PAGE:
For college students– as you get ready to prepare to select your courses — I encourage you to validate your professor’s teaching reputation — the stronger the teaching evaluations, it’s a good indicator that your professor enjoys teaching and therefore, will take the steps to ensure the same in an online platform. Don’t get me wrong- teaching evaluations have a myriad of issues – but it’s a good place to start.  I also want to assure you- colleges actively put their BEST TEACHERS in freshman classrooms- it’s part of their effort to work towards freshman success and transitions.
You can also look to social media and talk with currently enrolled undergraduates about their professors.  Taking the time to select courses and professors is essential for a solid educational experince as we know a VERY LARGE NUMBER if not all your fall courses will be delivered online- even if you are living on a university campus.  (According to the Chronicle of Higher Education, a third of faculty surveyed indicate a desire and will in fact be approved to remain off campus — I’m sure you can understand why-working wtihing classrooms populated  by the college-age demographic that hs been already documented as asymptomatic super-spreaders is simply difficult for many faculty to embrace.)
If you have documented learning disabilities that directly impact your ability to process information in an online learning forum, I have more to say below about those accommodations that may be needed for your situation.
Colleges have historically gone to great lengths to design elaborate freshman orientation plans to bring students together as a community, navigate academic policies and make sure the initial year is a successful one. Undoubtedly, whether the year resumes completely online or in a hybrid of living/learning  model- the same will hold.
But what do you do if for medical or personal reasons, you simply want to sit this one out?! (I’ll discuss financial reasons – hang on).


*** If you are a currently enrolled undergraduate, you can apply for a “Leave of Absence”. Your college catalog will detail the steps for approval.  You do NOT need to indicate how you will be spending your time- but you do need a reason.  Acceptable reasons do include medical documentation and concerns about COVID with a physician’s statement.
In contrast as an incoming freshman, you cannot take a LOA because you haven’t yet matriculated.  However, you can apply for a “deferral” vs. a “Gap Year”.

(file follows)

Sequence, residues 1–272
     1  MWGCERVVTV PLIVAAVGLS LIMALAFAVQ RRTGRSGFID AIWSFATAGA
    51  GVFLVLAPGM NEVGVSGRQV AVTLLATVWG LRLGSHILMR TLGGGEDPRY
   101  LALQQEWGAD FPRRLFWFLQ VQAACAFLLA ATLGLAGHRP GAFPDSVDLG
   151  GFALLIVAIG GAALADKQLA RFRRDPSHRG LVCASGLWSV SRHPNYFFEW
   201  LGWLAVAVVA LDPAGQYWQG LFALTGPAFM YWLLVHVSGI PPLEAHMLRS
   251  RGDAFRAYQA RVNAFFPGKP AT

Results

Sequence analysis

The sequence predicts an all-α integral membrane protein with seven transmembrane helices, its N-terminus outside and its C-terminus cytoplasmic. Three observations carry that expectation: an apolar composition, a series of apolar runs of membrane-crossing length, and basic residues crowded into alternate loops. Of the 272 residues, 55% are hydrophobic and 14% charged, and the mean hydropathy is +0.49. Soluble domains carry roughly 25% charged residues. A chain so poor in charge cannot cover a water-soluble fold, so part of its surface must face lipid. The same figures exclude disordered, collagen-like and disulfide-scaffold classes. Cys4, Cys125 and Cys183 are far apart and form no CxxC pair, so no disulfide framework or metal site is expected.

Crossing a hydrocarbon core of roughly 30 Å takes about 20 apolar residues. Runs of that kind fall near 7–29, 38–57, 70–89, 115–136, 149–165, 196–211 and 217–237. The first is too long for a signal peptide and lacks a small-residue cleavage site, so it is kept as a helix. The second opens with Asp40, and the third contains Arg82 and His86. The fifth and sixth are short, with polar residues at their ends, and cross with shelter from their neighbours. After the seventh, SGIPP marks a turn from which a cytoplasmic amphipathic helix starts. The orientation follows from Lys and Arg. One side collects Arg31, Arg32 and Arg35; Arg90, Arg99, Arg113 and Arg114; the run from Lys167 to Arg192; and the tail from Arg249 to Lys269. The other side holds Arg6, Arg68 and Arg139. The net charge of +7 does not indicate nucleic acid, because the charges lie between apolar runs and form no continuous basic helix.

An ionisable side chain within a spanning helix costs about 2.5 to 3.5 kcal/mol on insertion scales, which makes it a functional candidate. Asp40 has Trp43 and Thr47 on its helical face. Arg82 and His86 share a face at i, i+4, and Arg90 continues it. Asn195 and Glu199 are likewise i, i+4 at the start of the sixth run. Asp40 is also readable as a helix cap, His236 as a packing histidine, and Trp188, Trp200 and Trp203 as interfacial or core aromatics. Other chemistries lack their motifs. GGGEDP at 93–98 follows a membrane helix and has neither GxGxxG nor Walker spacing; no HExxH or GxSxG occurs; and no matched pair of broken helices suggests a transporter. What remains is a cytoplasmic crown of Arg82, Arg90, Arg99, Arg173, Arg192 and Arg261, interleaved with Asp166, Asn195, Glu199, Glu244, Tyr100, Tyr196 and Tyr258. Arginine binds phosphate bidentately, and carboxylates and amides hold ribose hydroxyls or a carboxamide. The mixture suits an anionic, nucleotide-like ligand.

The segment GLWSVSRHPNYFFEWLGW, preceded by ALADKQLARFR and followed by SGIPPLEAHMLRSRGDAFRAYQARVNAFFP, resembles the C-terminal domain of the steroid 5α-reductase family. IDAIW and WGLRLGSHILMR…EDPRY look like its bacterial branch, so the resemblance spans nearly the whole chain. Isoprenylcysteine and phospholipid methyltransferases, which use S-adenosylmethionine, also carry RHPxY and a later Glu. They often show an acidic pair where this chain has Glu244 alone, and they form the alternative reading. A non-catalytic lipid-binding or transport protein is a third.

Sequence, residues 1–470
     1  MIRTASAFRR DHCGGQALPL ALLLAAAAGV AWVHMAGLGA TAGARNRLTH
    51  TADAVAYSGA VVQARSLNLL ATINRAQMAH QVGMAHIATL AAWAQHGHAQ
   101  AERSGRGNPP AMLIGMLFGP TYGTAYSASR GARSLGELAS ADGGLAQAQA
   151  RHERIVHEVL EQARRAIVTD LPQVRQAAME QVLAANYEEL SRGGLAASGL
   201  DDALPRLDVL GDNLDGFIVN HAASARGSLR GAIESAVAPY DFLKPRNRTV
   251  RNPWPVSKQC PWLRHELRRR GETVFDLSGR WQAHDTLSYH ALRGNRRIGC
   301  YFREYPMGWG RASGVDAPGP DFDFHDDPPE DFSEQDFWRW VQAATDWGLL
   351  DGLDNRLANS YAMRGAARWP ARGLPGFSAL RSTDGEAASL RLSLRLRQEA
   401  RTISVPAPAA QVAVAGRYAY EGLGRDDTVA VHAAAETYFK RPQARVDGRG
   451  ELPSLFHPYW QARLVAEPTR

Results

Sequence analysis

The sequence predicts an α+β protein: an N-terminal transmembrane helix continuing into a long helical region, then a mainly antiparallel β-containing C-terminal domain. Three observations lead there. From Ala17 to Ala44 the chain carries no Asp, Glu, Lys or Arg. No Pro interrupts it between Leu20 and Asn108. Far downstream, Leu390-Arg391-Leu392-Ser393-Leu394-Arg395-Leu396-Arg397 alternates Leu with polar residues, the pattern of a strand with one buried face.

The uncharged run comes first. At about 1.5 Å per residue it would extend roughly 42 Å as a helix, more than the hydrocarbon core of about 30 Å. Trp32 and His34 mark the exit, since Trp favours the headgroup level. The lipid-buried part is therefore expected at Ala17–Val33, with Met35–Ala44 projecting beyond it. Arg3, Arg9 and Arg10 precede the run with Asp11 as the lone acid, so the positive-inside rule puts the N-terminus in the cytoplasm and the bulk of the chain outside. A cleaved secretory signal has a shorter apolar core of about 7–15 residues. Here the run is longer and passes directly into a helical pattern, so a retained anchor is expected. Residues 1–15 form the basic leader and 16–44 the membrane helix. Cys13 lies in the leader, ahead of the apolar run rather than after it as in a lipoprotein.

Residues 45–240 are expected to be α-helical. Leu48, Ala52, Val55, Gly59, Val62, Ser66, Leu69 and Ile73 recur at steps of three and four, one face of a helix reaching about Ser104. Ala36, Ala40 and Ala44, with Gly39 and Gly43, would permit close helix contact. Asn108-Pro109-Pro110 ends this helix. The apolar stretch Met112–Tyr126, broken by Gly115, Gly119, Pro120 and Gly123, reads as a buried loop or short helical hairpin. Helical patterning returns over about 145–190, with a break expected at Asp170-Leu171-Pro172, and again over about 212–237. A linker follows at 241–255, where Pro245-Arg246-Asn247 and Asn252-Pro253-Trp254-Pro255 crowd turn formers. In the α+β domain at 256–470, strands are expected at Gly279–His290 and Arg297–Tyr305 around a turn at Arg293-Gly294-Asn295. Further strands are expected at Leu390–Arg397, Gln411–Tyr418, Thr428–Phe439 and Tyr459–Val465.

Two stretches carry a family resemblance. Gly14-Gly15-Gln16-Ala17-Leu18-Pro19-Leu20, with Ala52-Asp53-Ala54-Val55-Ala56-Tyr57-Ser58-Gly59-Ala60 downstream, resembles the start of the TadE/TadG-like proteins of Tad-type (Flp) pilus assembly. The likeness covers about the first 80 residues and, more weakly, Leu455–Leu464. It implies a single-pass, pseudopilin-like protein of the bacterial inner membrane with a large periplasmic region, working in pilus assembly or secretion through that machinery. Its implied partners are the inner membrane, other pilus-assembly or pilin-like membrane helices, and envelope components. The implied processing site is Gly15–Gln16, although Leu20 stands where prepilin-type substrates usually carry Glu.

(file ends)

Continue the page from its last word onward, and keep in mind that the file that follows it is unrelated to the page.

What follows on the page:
Gap year approvals require an educational plan.  Deferrals are different and I have to be honest. With declining college enrollments and shrinking budgets, there is a possibility your spot will be offered to someone on the waitlist. But not necessarily.
Deferral Approval:  If your deferral involves a medical reason or a need to assist in the economics of your home (assist in childcare of younger siblings, assist in family business, etc.) you have a great chance of having your request approved.
If you or a close family member has an underlying health condition, and living on campus is precluded- your request will very likely be approved.
Each situation is unique- and it’s certain the fall semester is going to be unlike none other.  If you’re up for the challenge, ready to adapt you’ll be fine.  Parents are cautioned not to bring their own bias to the process as part of our desire to encourage independence. Students should be realistic- it’s clear you are ready and desire to leave home  to start your college career – but if you know online learning is truly challenging- let’s revisit and think this all through.  There is no rush- if you won’t be successful online – and know your limits, sit it out until things settle.
I can help you assess your situation, your university plans and if the model you’re facing will work. If not, we can together file your request for a deferral/gap year.


 Finally- what if you can no longer afford to attend. Job loss, business revenue declines and closed schools for younger siblings will see many families in a position of economic uncertainty.  Colleges are facing huge budget shortfalls- compounded by the potential loss of (full paying) international students.   You will immediately need to file a request for a re-evaluation of financial aid.  The process will involve a financial aid appeal.  You will need to provide documentation- a recent paystuf or unemployment stuff or quarterly tax return.  The college will have a process to follow.
Your financial aid package will be recalculated.  Keep in mind, when you file your 2020 tax form, you’ll be asked to submit and even if the fall 2020 package is adjusted–the package can readjust for spring 2021 when your economic situation returns to the level reported on your FAFSA that was calculated based on 2018 tax returns.  It’s complicated but it’s a process to attempt if your family income /employment situation has changed dramatically.
Do you need to transfer?  
Colleges and universities typically don’t accept applications. That has changed and many campuses throughout the US are still accepting applications for Fall 2020.




Bonnie R. Rabin, Ph.D.